On my way down US-2 toward Duluth I was on the lookout for a large steam locomotive that a friend of mine wanted me to take a picture of. He is a truck driver that made a lot of runs through Duluth and was always captivated by the size of this locomotive. He was never able to get a picture of it because there was no place for him to stop with his 18 wheeler. Before heading out toward Duluth I did some research on the computer to see if I could locate where it was. I was not able to find it online but I did find a Railroad Museum in Duluth so I programmed that into my GPS. I figured if nothing else, I could go there and someone would know were it was. I recall as I rode through town of Proctor, just outside of Duluth, my attention was drawn to an Air Force Jet that was poised on a pedestal on the side of the highway. I thought about stopping there to get a picture of it because it was quite neat, but I was going just a little too fast to stop so I just kept heading toward the museum. Shortly after that I saw a turnout for a rest area and tourist information site which I also thought about stopping at but I decided against it at the last minute. After rounding a curve and cresting a hill, I got my first view of Duluth and the harbor on Lake Superior. It was absolutely gorgeous. At that point it was too late to stop to get a picture but I decided that after visiting the museum I would probably go back to that information rest area because it was on an even higher hill overlooking the city and would allow me to get some good pictures.
Upon arriving at the Museum I parked my bike on the street and took both cameras with me to try to get some pictures in the museum. The building that housed the museums (there were actually four museums in this building) was a beautiful old train station. From the road outside I took my 35 mm camera out to take a picture of the building. I noticed that I did not have my memory card in it because I left it in the computer. I thought for a moment that it would be okay because I still had my camcorder with me and it takes pretty good still pictures along with videos; but since I was only a half a block away from my bike I decided to go back and get the memory card. I was so glad I did because when I finally got in the place and tried to take some video I discovered that the battery was dead on the camcorder.
Upon entering the museum, I asked the person at the ticket counter if he knew of a train located along US-2 somewhere. He told me it was right along side the highway in the town of Proctor and you can’t miss it as you drive through. Well Proctor is the town I had just come through and I did miss it. I guess eyesight is the first thing to go when you get old; or is it the second? He told me that if I head back to Proctor, just after passing the first red light, I will crest a hill and the train will be on my left. I thanked him and went about the business of visiting the Railroad Museum. I was impressed by the number of restored old trains that they had on display inside the building. I took a lot of pictures, some of which you can see above. While I was there I also got a short ride on and old restored electric trolley. This trolley was actually built in South America and was used in Duluth for many years. There is a sister trolley that is still in use in Alaska but it has been converted to diesel.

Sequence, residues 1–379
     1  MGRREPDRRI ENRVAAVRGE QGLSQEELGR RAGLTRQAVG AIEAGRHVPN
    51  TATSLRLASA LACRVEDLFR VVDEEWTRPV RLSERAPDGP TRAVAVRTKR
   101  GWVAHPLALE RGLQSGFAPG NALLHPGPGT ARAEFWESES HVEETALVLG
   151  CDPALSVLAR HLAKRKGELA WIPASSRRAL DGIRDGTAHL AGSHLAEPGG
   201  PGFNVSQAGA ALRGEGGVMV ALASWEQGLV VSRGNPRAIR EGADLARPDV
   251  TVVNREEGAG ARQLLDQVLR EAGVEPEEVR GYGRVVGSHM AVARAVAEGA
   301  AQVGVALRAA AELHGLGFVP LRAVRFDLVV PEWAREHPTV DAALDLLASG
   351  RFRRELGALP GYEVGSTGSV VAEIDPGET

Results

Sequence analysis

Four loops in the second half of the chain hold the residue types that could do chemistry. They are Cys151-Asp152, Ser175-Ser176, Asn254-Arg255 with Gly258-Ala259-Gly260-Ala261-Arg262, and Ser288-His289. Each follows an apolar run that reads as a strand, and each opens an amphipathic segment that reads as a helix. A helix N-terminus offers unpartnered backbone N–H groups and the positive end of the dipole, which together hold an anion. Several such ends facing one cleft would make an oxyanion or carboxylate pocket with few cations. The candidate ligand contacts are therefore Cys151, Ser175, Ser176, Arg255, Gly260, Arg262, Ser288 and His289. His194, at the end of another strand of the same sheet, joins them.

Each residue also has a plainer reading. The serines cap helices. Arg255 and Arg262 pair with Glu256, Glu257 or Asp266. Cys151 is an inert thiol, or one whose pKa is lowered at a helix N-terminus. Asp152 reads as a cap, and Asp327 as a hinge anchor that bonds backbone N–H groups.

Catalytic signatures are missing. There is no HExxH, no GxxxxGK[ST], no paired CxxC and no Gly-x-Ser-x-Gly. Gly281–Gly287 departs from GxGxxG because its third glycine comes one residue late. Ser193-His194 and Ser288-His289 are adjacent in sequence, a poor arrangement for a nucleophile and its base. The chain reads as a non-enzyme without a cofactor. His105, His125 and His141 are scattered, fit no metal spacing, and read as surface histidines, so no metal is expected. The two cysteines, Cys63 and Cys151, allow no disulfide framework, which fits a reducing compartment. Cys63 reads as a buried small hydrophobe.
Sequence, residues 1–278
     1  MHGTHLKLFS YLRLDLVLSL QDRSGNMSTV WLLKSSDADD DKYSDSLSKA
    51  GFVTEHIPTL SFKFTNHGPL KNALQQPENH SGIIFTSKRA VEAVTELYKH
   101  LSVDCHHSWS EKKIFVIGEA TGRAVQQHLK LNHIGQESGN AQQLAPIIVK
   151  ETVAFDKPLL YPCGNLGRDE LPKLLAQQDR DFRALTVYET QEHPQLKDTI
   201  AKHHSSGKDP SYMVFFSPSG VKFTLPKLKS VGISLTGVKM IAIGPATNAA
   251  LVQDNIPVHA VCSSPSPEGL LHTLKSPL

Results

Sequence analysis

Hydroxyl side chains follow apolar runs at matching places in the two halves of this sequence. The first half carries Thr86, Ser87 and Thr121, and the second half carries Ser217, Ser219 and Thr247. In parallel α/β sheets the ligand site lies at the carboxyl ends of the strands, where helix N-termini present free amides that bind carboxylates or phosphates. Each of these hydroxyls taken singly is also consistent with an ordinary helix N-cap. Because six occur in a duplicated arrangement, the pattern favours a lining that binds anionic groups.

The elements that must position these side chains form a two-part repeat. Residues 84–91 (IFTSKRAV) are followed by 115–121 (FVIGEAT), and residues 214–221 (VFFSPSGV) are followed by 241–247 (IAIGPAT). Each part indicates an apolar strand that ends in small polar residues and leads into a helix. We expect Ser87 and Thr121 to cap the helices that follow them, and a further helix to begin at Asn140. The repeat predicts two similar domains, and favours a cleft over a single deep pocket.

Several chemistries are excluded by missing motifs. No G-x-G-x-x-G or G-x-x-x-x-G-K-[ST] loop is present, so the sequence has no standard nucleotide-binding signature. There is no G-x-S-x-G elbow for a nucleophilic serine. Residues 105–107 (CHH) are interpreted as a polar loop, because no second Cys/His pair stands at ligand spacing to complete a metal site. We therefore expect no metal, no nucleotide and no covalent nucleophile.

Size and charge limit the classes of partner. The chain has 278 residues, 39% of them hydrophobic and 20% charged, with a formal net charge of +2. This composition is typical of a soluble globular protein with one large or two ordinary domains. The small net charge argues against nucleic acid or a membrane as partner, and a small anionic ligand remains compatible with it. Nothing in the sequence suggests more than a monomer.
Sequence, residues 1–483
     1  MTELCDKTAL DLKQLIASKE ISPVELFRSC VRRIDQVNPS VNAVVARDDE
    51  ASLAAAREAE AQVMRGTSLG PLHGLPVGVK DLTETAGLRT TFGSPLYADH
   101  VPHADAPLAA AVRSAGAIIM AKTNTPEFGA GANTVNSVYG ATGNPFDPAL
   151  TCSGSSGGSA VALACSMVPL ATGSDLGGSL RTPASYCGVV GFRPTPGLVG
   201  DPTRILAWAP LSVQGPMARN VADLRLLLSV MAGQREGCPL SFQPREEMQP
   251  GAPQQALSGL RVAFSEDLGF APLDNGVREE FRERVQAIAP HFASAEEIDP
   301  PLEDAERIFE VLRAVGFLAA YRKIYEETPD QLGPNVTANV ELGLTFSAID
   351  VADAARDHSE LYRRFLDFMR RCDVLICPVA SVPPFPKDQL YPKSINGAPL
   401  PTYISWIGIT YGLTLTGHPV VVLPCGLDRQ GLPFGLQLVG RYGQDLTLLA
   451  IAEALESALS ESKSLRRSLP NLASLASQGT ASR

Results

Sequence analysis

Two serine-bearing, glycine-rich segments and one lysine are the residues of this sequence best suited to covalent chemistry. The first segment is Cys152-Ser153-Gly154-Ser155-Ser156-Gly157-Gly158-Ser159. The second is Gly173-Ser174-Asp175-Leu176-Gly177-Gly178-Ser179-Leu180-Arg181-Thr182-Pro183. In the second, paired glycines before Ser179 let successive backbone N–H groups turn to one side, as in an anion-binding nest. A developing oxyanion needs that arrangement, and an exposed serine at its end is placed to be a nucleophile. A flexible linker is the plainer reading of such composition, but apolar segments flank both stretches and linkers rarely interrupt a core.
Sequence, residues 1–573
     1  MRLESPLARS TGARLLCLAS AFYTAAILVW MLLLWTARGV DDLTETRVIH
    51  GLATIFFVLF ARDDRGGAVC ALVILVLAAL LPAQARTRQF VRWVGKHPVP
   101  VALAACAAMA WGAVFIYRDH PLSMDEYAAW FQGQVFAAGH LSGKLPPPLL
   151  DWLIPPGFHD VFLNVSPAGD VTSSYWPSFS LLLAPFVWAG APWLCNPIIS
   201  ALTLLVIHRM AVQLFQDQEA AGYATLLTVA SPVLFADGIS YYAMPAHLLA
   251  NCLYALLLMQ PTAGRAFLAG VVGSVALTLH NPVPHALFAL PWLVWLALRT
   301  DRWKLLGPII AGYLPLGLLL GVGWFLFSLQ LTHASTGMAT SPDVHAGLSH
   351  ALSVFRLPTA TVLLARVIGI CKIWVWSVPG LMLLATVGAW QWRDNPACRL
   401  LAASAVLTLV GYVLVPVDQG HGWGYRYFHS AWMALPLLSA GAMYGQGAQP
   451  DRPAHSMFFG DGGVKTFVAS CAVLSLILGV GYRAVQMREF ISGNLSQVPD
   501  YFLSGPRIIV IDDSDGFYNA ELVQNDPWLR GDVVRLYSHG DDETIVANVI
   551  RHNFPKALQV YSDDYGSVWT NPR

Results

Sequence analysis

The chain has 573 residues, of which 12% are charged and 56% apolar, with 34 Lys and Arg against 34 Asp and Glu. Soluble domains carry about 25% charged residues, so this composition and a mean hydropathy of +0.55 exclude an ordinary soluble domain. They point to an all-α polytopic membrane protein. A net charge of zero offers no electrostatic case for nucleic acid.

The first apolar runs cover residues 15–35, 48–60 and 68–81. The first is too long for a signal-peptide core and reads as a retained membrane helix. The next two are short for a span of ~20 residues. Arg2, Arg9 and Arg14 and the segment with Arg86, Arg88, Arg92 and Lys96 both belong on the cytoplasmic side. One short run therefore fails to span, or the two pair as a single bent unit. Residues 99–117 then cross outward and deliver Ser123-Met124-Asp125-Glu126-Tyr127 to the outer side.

After leaving the museum, I headed back to Proctor to find the locomotive that I somehow missed on my first pass through. As I came to the first red light, I could not see it yet but as I crested the hill I discovered why I did not see it the first time. It was right next to the Air Force Jet that is also on display next to the highway. Anyway, I stopped and got some pictures of the jet and the train and headed into Proctor to get some lunch. At the restaurant I found out that the engine and tender car for this locomotive was 127 feet long and the engine was the most powerful engine in the world at the time.
After eating I then head back onto US-2 to make a stop at the tourist information center to get some pictures of Duluth and the harbor. The view from that hill was breathtaking and I was extremely glad that I came back that way to see it and get some pictures. While I was there I met a nice couple from Boston who had been vacationing in Minnesota and were driving back through Upper Michigan, then Canada, and back to the US in the Thousand Island area on the St. Lawrence Seaway. In our discussion I discovered that he had actually been born in Ann Arbor, MI. They asked for my recommendation on what to see as they passed through the UP. I recommended Pictured Rocks and Tahquamenon Falls. They wrote both things down and said they would definitely stop at each.